We are participating at ISC 2017 in Frankfurt, which is the largest European conference and trade show on High-Performance Computing. You can meet us on Wednesday in the exhibition hall at the HiPEAC booth (A-1430) from 10:00-13:30 and at the Gauss-Allianz boot from 16:00-18:00.
Our presentations this year, center around the topic of Heterogeneous and FPGA-Accelerated Computing:
Approximate Computing – A Suitable Paradigm for Scientific Computing?
Approximate Computing (AC) is an emerging computing paradigm that compromises the exactness of the computation for improved performance or energy efficiency. While AC has already attracted attention for domains that are inherently resilient to approximations (e.g. processing of audio and video or machine learning) the potential in scientific computing is so far not well understood. In our current research, we study, which numerical methods can profit from AC techniques if accuracy bounds are desirable or needed.
Can OpenCL Compilers make FPGAs Accessible for HPC?
Numerous case studies have demonstrated that FPGA can provide substantial performance and efficiency benefits to computationally challenging applications. Recently, FPGAs technology and tools have made significant strides towards improved floating-point capabilities and high-level programming toolflows, which makes the technology accessible for a wider range of developers. In this presentation, we report on our ongoing work of accelerating a finite difference solver for Maxwell’s equations using an OpenCL-based FPGA toolflow.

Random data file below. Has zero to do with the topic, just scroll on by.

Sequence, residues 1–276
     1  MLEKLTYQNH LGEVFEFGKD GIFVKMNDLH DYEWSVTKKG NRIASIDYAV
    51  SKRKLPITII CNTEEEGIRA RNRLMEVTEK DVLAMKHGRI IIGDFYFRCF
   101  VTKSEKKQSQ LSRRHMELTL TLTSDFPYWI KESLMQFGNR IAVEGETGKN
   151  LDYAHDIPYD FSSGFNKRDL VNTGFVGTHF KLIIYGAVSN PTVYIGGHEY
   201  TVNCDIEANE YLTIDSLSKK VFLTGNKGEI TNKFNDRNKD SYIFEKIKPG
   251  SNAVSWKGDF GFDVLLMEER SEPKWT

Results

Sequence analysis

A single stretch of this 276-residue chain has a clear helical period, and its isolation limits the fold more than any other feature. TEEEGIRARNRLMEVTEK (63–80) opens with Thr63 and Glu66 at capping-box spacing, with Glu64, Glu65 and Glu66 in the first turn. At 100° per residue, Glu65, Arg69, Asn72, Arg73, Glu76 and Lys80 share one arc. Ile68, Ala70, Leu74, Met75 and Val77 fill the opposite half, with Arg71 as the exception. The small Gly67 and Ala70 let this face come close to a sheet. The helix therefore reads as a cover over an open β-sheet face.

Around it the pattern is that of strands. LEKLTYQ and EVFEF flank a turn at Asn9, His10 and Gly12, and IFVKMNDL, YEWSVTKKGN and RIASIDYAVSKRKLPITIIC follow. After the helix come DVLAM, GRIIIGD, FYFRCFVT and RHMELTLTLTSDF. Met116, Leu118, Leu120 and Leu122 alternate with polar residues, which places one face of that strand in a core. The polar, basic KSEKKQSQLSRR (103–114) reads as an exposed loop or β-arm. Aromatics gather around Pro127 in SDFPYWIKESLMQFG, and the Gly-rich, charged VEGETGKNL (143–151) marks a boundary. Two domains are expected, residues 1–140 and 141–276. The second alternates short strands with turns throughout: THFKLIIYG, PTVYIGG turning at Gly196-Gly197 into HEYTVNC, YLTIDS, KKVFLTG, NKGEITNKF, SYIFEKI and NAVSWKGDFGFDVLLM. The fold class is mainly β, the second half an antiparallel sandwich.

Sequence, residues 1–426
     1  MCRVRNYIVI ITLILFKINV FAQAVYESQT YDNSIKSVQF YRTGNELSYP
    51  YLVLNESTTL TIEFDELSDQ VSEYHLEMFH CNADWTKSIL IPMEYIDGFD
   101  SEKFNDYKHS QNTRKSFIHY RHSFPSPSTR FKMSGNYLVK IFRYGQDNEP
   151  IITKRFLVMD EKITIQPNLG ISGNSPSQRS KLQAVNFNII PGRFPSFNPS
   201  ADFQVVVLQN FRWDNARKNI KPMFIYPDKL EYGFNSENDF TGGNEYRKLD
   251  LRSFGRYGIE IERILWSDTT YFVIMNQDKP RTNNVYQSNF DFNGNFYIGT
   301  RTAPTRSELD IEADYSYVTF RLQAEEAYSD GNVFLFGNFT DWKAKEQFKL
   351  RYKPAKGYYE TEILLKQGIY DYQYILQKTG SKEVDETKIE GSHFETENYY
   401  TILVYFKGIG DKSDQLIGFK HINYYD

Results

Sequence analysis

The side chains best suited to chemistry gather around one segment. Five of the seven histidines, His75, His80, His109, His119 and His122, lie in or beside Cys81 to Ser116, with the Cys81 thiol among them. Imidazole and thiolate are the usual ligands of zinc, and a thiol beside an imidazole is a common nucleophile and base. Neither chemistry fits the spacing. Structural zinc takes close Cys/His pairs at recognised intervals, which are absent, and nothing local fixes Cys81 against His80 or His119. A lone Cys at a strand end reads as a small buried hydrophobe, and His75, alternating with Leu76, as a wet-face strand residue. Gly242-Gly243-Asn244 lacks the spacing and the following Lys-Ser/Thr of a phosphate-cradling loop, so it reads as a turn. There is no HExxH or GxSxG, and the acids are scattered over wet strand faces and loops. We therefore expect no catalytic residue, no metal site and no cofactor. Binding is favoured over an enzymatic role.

Automatic and Transparent Acceleration of Applications
Because of the stagnation of single-thread performance and the move towards accelerators, legacy applications do no longer see a performance increase when executed on the latest computing systems. If codes are expected to be used for a long time and have a large user base, code modernization, i.e. porting the code to modern programming languages and libraries with parallelism support, is likely worth the effort. For legacy codes, manual modernization may not be economical. In our work, we study just-in-time compilation approaches that automatically adapt these codes to use GPU and FPGA accelerators without any manual intervention.
Accelerating and Parallelizing Tree-Search for Crypto-Attacks with FPGAs
FPGAs are most efficient for regular, throughput computing on data streams. Hence, the acceleration of tree search problems with FPGAs is typically not regarded as particularly promising. In this work on accelerating so-called “cold boot” crypto attacks, we have proven this common knowledge wrong. We have demonstrated that FPGAs are beneficial for solving certain hard tree search problems and that we can also successfully apply a work stealing strategy to parallelize the hardware implementation. Finally, we show that it even makes sense to fully customized FPGA accelerators that tailored to the problem instance not only the problem class.
Prof. Dr. Christian Plessl
Dr. Tobias Kenter
Dr. Jens Simon